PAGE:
Richard Egarr. Photo courtesy of the SLSO.

The St. Louis Symphony Orchestra (SLSO) program this past Sunday (December 8th) didn't have a single piece of Christmas music on the bill but it couldn't have been more appropriate for what Charles Dickens called "this festive season of the year."

[Find out more about the music with my symphony preview.]

Led from the keyboard by conductor/harpsichordist Richard Egarr, the concert of music by Handel and Bach was, indeed, consistently festive and celebratory in the "joy to the world" vein, beginning with a rousing performance of a suite compiled by Mr. Egarr of selections from Handel's "Water Music."

Kirstin Ahlstrom
Photo courtesy of the SLSO

Commissioned by George I for a 1717 party on the River Thames, the "Water Music" is jolly stuff, and got a wonderfully precise and good-natured treatment by Mr. Egarr and the band. The trumpets and horns, placed on opposite sides of the stage for maximum antiphonal effect, sounded splendid, and Mr. Egarr found enough variety in the music to make it more than just a "joyful noise." I especially liked his subtle use of the tympani at the begining and end the first and last movements.

Handel's 1749 "Music for the Royal Fireworks," which concluded the first half of the concert, got an equally energetic and polished treatment. There was fine work from the trumpets and horns once again, as well as from the oboes and bassoons.

In between these two big, celebratory works was Handel's more modest Sonata à 5, HWV 288, for solo violin and two oboes along with strings and harpsichord. It was first performed in Rome in 1707, with the composer himself and the harpsichord and the solo violin part played by the composer/violinist Archangelo Corelli.

Sunday those roles were taken by Mr. Egarr and SLSO Associate Principal Second Violin Kristin Ahlstrom. Ms. Ahlstrom's performance was impressive, especially in the stormy closing movement with its novel "echo" cadenza. Mr. Egarr conducted with his head and body as he played the keyboard part with great style. The harpsichord was amplified, but minimally so, and sounded very natural from our seats in the dress circle boxes.

Angie Smart
Photo courtesy of the SLSO

For the rest of the concert, the focus shifted to Handel's equally famous contemporary J.S. Bach, with performances of his Brandenburg Concerto No. 5 and Orchestral Suite No. 3. Both works date from the time when Bach was the music director and resident composer at the court of Prince Leopold of Anhalt-Cöthen (1717 to 1723) and fulfilled the prince's desire for what Paul Schiavo described, in 2012 program notes for the SLSO, as "lively secular instrumental music".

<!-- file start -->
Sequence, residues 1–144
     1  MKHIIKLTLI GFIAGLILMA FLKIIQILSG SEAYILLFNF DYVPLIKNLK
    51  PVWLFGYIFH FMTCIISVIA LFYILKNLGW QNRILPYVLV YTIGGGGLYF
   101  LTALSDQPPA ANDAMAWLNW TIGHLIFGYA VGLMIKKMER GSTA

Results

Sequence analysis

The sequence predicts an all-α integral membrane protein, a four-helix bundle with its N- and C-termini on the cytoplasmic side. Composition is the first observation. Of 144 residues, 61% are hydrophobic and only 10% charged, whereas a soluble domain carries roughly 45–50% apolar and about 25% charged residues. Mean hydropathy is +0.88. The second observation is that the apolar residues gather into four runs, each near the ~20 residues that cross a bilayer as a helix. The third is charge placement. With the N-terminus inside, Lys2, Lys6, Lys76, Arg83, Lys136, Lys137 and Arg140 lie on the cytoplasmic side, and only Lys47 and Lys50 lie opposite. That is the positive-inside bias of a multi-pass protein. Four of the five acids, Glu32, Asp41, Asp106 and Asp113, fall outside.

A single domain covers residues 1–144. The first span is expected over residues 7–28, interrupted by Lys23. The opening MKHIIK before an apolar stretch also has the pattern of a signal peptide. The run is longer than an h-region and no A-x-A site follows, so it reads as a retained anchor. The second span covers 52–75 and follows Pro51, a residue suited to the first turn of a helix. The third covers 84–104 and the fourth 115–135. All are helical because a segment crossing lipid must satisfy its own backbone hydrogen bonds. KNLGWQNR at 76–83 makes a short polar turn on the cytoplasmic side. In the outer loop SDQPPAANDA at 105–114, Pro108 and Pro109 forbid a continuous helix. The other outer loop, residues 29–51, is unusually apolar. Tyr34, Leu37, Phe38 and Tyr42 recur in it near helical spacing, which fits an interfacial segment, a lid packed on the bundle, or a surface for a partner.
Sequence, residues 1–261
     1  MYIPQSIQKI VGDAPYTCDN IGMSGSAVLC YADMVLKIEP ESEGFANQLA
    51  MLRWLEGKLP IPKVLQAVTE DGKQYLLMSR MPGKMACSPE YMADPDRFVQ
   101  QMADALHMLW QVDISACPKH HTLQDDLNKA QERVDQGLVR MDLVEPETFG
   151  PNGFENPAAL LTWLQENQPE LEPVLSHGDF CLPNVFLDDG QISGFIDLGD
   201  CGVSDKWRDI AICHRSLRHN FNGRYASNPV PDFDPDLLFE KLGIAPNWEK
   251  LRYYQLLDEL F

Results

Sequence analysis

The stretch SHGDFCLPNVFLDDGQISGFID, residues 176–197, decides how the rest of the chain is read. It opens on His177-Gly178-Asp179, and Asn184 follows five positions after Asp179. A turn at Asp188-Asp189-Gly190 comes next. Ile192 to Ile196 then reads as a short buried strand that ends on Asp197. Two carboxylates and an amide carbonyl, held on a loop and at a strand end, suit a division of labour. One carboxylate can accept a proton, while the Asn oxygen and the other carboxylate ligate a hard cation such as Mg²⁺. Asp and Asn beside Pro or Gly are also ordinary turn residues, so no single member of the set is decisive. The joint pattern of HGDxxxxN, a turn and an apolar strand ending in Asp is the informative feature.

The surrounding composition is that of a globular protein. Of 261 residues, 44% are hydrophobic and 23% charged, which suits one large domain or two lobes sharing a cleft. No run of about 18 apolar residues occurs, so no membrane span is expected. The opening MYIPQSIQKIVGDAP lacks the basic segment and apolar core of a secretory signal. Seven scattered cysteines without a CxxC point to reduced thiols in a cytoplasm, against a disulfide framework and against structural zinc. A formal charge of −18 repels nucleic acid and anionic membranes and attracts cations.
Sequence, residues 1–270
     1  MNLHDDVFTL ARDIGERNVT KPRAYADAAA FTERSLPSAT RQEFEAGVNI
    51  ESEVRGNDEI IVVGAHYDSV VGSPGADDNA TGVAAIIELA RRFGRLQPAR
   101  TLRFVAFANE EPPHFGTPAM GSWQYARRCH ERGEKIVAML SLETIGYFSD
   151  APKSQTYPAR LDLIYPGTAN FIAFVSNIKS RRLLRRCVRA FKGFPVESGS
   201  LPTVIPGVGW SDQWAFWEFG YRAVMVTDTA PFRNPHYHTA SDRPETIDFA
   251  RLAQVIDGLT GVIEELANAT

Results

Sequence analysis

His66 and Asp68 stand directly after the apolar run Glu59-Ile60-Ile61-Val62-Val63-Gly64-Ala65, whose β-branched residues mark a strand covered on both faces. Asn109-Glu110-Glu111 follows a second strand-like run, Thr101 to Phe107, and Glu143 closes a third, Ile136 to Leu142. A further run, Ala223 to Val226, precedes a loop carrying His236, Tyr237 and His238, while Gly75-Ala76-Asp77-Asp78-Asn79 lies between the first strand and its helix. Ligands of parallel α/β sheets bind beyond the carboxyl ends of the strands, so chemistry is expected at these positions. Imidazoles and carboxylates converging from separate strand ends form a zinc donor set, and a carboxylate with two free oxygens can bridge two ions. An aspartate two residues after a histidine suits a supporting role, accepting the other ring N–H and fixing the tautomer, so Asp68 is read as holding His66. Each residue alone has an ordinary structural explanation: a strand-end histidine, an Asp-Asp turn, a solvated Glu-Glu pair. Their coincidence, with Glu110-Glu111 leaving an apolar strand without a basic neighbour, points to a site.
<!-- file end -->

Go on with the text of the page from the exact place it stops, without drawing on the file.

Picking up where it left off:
The two solo instruments in the fifth Brandenburg concerto are ostensibly the violin and oboe, although the harpsichord part, which becomes increasingly dominant during the first movement, is so important and so technically demanding that it might as well be a third solo instrument. Angie Smart of the SLSO's First Violin section and Associate Principal Flute Andrea Kaplan played with great virtuosity, as did Mr. Egarr at the keyboard.

Andrea Kaplan
Photo courtesy of the SLSO

The performance of the Orchestral Suite No. 3 that concluded the concert was lively and tremendously engaging, never losing sight of the fact that four of the five movements have their roots firmly planted in the court and country dances of the 18th century. I especially loved the vigor and clarity of the contrapuntal second half of the suite's opening "Overture" movement.

Next at Powell Hall: Stuart Malina conducts the St. Louis Symphony Orchestra along with the Holiday Festival Chorus and soloist Rachel Potter in the Mercy Holiday Celebration Friday through Sunday at 2 and 7:30 pm, December 13-15. The program consists mostly of familiar sacred and secular holiday songs along with dances from contemporary American composer Terry Mizesko's "A Chanukah Celebration" and the annual "Holly and Jolly Sing-Along." The concerts take place at Powell Symphony Hall, 718 North Grand in Grand Center.

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